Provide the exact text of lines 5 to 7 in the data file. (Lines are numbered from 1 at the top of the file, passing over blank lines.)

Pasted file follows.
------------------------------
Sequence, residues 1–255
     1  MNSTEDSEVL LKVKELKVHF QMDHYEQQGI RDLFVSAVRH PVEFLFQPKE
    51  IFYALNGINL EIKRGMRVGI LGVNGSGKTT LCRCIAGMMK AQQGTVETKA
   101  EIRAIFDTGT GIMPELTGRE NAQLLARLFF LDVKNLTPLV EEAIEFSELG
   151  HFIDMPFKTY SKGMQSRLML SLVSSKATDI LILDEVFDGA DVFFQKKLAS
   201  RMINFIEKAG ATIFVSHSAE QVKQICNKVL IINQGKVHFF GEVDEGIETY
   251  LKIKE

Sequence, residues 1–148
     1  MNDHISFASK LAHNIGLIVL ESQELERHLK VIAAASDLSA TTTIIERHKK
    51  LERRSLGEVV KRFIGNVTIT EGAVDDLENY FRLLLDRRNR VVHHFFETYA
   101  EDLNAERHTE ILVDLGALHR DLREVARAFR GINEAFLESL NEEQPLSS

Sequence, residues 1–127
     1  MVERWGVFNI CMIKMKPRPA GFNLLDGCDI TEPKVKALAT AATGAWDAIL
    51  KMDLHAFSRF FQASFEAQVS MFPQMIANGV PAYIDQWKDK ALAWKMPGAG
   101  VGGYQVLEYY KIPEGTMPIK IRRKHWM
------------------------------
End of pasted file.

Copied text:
   151  HFIDMPFKTY SKGMQSRLML SLVSSKATDI LILDEVFDGA DVFFQKKLAS
   201  RMINFIEKAG ATIFVSHSAE QVKQICNKVL IINQGKVHFF GEVDEGIETY
   251  LKIKE